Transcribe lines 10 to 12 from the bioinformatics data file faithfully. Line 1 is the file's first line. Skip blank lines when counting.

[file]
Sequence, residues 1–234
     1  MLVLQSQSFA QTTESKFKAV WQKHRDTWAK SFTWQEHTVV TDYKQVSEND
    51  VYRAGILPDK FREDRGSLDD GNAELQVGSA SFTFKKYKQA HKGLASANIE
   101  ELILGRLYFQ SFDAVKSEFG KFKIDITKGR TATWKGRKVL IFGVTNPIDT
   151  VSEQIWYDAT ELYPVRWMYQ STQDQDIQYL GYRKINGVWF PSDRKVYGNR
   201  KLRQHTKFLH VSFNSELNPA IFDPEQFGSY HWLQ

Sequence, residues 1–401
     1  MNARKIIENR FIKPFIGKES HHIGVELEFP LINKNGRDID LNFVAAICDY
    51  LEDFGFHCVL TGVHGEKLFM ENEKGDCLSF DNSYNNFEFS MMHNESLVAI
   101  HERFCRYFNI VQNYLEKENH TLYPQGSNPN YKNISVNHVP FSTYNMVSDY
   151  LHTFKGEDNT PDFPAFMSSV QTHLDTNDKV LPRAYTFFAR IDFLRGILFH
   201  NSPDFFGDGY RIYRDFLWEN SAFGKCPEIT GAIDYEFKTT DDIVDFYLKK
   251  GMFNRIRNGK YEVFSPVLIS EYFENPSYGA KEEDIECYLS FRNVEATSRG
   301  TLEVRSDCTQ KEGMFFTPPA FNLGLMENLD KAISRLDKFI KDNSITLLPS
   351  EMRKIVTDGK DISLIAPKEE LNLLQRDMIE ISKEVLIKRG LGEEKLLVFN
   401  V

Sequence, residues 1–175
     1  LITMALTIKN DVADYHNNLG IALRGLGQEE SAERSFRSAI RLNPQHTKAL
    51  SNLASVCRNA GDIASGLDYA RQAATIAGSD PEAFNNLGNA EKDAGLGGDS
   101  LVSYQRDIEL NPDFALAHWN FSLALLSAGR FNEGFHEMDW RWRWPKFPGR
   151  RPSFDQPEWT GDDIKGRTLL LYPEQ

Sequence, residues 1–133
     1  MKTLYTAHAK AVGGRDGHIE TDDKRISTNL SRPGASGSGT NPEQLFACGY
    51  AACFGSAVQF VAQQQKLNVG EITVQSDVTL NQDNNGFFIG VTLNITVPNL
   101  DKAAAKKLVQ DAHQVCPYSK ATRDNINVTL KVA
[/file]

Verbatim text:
   101  HERFCRYFNI VQNYLEKENH TLYPQGSNPN YKNISVNHVP FSTYNMVSDY
   151  LHTFKGEDNT PDFPAFMSSV QTHLDTNDKV LPRAYTFFAR IDFLRGILFH
   201  NSPDFFGDGY RIYRDFLWEN SAFGKCPEIT GAIDYEFKTT DDIVDFYLKK